In the retina, mineralocorticoid receptor (MR), expressed in vessels, glial and neuronal cells, is mainly activated by glucocorticoids. Under pathological conditions, ocular MR expression and corticoids change, leading in most cases to MR overactivation. Experimental models using MR agonists or antagonists, administered systemically or intraocularly, acutely or chronically and transgenic models, allowed to identify the deleterious consequences of MR pathway overactivation. Among them, oxidative stress, inflammation, deregulation of hydro-ionic channels, alteration of choroidal vasculature, angiogenesis and cell death, are common to major retinal diseases. Specific MR antagonists showed efficacy in models of diabetic retinopathy, ischaemia, retinal and choroidal angiogenesis and in models of glaucoma. It is highly likely that MR antagonists will find a place in the therapeutic arsenal of age-related macular degeneration, diabetic retinopathy, glaucoma and in pachychoroid associated diseases. Their use in humans is still limited by the need of biomarkers of MR activation and specific ocular formulations.
GPR84 is an understudied rhodopsin-like class A G protein-coupled receptor which is arousing particular interest from a therapeutic perspective. Not least this reflects that gpr84 expression is significantly up-regulated following acute inflammatory stimuli and in inflammatory diseases and that receptor activation plays a role in regulating pro-inflammatory responses and migration of cells of the innate immune system such as neutrophils, monocytes, macrophages and microglia. Although most physiological responses of GPR84 reflect receptor coupling to Gαi/o G-proteins, several studies indicate that agonist-activated GPR84 can also recruit arrestin adaptor proteins and this regulates receptor internalisation and desensitisation. To date, very little is known on the patterns of GPR84 phosphorylation and how these might control these processes. Here, we consider what is known on the molecular basis of GPR84 signalling with a focus on how GRK-mediated phosphorylation regulates arrestin protein recruitment and receptor function.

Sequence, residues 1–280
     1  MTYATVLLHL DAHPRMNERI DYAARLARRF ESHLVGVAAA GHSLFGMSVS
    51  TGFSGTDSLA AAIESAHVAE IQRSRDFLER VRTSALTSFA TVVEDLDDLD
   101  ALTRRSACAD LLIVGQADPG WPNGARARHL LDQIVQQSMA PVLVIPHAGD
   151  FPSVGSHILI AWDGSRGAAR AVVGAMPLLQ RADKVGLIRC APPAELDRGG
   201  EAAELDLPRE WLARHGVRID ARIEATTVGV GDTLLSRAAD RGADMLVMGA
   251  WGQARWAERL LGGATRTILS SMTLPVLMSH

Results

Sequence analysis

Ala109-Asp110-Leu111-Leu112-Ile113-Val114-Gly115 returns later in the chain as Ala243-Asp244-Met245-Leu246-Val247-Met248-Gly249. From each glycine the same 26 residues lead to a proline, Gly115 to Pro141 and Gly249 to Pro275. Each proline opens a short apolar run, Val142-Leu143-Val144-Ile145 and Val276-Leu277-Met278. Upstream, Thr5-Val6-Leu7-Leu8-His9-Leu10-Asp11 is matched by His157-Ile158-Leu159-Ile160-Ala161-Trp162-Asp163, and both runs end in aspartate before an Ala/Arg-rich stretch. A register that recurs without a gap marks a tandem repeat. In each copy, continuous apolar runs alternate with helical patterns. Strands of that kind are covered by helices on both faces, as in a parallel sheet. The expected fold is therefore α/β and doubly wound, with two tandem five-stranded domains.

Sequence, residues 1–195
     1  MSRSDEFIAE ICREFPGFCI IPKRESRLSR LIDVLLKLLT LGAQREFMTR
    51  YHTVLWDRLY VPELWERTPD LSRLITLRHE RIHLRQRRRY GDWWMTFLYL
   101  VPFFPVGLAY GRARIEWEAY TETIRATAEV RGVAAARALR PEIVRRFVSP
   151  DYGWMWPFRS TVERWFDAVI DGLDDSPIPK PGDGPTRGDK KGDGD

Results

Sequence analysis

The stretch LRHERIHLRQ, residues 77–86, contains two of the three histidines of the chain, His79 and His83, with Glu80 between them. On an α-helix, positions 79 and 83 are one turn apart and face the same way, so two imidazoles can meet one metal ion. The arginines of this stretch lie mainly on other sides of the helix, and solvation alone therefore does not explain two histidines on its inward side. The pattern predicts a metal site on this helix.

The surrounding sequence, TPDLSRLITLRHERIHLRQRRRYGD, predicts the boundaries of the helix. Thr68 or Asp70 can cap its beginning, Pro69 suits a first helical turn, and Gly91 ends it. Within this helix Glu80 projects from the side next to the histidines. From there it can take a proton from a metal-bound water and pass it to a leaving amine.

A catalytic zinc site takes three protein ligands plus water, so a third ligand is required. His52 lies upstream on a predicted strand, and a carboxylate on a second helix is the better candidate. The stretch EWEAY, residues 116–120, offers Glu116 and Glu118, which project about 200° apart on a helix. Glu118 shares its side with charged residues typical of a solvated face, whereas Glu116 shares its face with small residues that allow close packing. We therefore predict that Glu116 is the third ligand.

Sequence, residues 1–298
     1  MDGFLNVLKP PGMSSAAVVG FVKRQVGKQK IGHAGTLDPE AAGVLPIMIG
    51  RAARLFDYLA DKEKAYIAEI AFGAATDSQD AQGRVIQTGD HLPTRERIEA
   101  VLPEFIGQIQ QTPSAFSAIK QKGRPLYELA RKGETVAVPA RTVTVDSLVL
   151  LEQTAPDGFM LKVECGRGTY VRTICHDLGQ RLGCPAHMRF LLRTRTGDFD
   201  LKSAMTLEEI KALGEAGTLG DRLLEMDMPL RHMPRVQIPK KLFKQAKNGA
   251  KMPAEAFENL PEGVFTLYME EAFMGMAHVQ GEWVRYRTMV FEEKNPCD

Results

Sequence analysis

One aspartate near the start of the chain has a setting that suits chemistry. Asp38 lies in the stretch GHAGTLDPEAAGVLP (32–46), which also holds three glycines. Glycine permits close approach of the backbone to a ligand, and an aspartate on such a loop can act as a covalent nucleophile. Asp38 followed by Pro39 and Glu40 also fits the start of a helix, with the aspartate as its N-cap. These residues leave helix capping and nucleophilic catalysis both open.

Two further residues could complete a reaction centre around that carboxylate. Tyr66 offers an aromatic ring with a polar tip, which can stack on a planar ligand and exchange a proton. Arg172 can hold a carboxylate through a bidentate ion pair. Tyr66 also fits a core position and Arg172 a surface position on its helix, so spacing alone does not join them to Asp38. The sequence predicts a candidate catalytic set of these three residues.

Background and Purpose: 11β-hydroxysteroid dehydrogenase 1 (11β-HSD1) catalyzes the oxoreduction of cortisone to cortisol, thereby amplifying levels of active glucocorticoids. It is considered a pharmaceutical target in metabolic disease and cognitive impairments. 11β-HSD1 also converts some 7oxo-steroids to their 7β-hydroxy forms. A recent study in mice described the ratio of tauroursodeoxycholic acid (TUDCA)/tauro-7oxolithocholic acid (T7oxoLCA) as a biomarker for decreased 11β-HSD1 oxoreductase activity. The present study aimed to evaluate the equivalent bile acid ratio glycoursodeoxycholic acid (GUDCA)/glyco-7oxolithocholic acid (G7oxoLCA) as a biomarker for pharmacological 11β-HSD1 inhibition in humans and compare it with the currently applied urinary (5α-tetrahydrocortisol+tetrahydrocortisol)/tetrahydrocortisone ((5αTHF+THF)/THE) ratio. Experimental Approach: Bile acid profiles were analyzed by ultra-HPLC tandem-MS in blood samples from two independent, double-blind placebo-controlled clinical studies on the orally administered selective 11β-HSD1 inhibitor AZD4017. The blood GUDCA/G7oxoLCA ratio was compared with the urinary tetrahydro-glucocorticoid ratio for the ability to detect 11β-HSD1 inhibition. Key Results: No significant alterations were observed in the bile acid profiles following 11β-HSD1 inhibition by AZD4017, except for an increase of the secondary bile acid G7oxoLCA. The enzyme product/substrate ratio GUDCA/G7oxoLCA was found to be more reliable to detect 11β-HSD1 inhibition than the absolute G7oxoLCA concentration in both cohorts. Comparison of the blood GUDCA/G7oxoLCA ratio with the urinary (5αTHF+THF)/THE ratio revealed that both ratios successfully detect 11β-HSD1 inhibition. Conclusion and Implications: 11β-HSD1 inhibition does not cause major alterations in bile acid homeostasis. The GUDCA/G7oxoLCA ratio represents the first blood biomarker of pharmacological 11β-HSD1 inhibition and may replace or complement the urinary (5αTHF+THF)/THE ratio biomarker.